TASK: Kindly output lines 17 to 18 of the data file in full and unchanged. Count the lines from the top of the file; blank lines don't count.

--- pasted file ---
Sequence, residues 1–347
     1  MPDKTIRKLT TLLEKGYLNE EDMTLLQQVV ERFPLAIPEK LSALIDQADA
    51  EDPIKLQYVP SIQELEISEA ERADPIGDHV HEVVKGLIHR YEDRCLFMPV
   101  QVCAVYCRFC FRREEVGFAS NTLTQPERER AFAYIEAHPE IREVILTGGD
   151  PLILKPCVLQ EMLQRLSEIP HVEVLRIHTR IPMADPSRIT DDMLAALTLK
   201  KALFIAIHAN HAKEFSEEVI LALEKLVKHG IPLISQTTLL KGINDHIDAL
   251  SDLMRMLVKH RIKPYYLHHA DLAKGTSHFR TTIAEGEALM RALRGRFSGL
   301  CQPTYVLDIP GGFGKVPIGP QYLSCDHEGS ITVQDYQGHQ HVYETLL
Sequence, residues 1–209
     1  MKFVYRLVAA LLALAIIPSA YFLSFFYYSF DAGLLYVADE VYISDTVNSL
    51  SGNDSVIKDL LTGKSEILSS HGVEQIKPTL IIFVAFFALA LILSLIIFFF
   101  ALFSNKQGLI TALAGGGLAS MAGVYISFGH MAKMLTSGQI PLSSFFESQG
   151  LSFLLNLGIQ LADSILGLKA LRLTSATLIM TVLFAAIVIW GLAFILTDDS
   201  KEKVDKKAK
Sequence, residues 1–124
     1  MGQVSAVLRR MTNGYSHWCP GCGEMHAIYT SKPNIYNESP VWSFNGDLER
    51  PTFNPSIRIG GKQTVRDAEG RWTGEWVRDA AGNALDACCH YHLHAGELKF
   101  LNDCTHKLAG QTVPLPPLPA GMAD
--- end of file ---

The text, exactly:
    51  PTFNPSIRIG GKQTVRDAEG RWTGEWVRDA AGNALDACCH YHLHAGELKF
   101  LNDCTHKLAG QTVPLPPLPA GMAD